The movie spills over with contemporary particulars. We all find out about “Breathless” and the leap lower, however “Godard par Godard” offers you a way of how the film was improvised, and the way Godard used each approach — wide-angle closeups, hand-held monitoring pictures — that you just weren’t speculated to. Overnight, he changed the strictures of cinema with one thing free.
But Godard had his personal strictures. There’s an interview with Anna Karina, after they have been married companions in artwork and life, by which she talks about how she couldn’t change a phrase of Jean-Luc’s scripts, although she says he labored together with his actors so intently that they grow to be vibrant collaborators. There’s a tremendous sequence by which we see the dance scene from “Band of Outsiders” because it was being filmed…in a café stuffed with civilians! Godard talks about how the Brigitte Bardot nude scenes in “Contempt” have been performed to fulfill the movie’s American distributor (however Godard turned exploitation into artwork), and he describes how his entire impulse was to fuse documentary with fiction. We see him interviewed on the seaside at Cannes, speaking about how a lot he hates zoom pictures.
There’s a degree within the ’60s when Godard began doing what Dylan did: utilizing the dumb questions of the press to show his solutions into efficiency artwork. He was saying, “You’re all part of the system. I’m not.” And he wasn’t; he’d left the system behind. But the system additionally left him behind. As he grows into center age, you possibly can see him go by the 5 levels of alienation, till he comes out the opposite aspect. Appearing on the Cavett present to advertise his comeback, with the 1980 movie entitled “Slow Motion” (launched within the United States as “Every Man for Himself”), he’s truly fairly ebullient. He rejects the concept that he ever went away, however says that he’s performed with anguish, and in addition that the brand new film, his “second first film,” is the primary one by which he’s expressing who he actually is.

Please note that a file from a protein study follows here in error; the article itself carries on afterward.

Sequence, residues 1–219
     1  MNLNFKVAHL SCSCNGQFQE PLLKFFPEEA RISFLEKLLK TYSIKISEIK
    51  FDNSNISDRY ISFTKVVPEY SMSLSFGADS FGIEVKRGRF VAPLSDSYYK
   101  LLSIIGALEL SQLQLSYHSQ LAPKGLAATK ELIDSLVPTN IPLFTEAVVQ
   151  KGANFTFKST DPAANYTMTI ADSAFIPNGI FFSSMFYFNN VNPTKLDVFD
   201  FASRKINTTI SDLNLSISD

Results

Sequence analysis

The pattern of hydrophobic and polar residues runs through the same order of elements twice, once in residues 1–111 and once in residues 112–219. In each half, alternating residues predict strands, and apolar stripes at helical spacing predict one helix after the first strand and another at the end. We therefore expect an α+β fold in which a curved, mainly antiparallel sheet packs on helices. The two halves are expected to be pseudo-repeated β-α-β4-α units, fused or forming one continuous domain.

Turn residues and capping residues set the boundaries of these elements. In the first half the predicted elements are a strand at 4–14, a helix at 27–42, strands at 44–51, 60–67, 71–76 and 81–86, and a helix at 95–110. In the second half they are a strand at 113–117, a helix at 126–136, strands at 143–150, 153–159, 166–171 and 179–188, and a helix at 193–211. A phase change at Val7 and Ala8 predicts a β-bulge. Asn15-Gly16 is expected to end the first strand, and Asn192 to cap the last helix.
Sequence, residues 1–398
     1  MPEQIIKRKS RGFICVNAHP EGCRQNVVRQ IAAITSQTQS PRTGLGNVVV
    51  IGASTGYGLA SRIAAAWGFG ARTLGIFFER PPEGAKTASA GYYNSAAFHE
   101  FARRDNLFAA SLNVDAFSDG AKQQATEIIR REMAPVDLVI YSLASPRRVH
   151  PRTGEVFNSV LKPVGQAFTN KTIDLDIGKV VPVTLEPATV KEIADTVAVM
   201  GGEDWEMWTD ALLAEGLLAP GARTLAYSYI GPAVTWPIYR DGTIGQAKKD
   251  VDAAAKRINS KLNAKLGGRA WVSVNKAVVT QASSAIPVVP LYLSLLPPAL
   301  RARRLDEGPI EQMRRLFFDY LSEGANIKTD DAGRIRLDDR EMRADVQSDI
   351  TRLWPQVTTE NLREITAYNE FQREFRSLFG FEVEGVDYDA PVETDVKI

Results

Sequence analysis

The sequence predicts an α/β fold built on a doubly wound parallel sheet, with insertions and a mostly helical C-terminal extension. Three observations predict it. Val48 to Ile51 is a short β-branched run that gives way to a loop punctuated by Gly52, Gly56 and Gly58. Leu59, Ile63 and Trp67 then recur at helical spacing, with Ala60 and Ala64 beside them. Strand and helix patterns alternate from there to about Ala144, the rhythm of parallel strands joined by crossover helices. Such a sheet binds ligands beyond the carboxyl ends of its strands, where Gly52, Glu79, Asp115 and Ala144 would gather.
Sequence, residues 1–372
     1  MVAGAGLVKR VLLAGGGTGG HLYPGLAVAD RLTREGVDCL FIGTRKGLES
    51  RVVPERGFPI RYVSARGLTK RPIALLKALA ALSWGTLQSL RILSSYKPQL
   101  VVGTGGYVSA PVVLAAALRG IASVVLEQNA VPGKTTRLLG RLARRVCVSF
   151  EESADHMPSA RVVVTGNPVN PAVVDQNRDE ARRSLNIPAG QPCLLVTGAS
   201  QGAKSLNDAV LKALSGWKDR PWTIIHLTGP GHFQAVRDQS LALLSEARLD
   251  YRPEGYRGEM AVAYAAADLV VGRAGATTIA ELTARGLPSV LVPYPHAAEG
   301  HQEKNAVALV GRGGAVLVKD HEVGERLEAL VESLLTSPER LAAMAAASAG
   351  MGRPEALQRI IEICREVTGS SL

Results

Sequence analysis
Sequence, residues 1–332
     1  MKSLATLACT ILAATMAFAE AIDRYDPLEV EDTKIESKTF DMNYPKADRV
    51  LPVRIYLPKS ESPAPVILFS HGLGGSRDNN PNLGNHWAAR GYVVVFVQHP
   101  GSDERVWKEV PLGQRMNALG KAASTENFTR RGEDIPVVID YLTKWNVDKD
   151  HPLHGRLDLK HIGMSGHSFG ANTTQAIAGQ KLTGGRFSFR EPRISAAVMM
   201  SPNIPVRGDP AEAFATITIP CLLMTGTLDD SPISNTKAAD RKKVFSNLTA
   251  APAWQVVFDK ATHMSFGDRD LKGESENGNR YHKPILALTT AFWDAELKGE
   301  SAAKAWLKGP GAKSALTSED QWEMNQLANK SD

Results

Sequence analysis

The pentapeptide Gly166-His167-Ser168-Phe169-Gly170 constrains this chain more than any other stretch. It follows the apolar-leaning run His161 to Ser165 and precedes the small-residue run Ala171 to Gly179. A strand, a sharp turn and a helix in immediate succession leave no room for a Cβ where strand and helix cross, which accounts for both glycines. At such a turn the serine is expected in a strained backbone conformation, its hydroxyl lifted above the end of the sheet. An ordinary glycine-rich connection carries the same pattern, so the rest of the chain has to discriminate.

I believe he’s fooling himself (his ’60s movies have been simply as private), however his new lease on life is infectious, and it fueled the remainder of his profession. “Godard par Godard” follows the filmmaker into the 2000s, when he’d sealed himself into his Swiss bunker and his work grew trickier than ever. Yet he appeared content material dwelling off the grid of film fame, smoking his cigars and preaching to a diminished choir.
Speaking of which, “Trailer of the Film That Will Never Exist: ‘Phony Wars’” could be a minor curio if it weren’t positioned because the final testomony of Jean-Luc Godard. It’s not like something he’s made earlier than: a collection of collage pictures, many with printed aphorisms, every collage mounted on a chunk of white Canon pasteboard. You may name the movie a brainy model of The Complete Godard. Here is “our war,” right here is May ’68, listed here are pensées like “But the bottom line is that there are no grownups,” right here is his plan for a movie about revolution constructed across the writings of a Leon Trotsky acolyte-turned-heretic. And right here’s Godard ending the movie by describing one thing being “rented to what wasn’t yet the Jewish Agency.” Yes, these are the final phrases of Jean-Luc Godard’s profession. Make of them what you’ll.
Personally, I’ve by no means recognized what to make of Godard. To me he’s a thriller, a muse, an emblem of what made me need to merge with films, an artist so baffling he usually left me infuriated, and an artist so highly effective that he solid the very soul of contemporary cinema. What did all of it imply? Godard solely is aware of.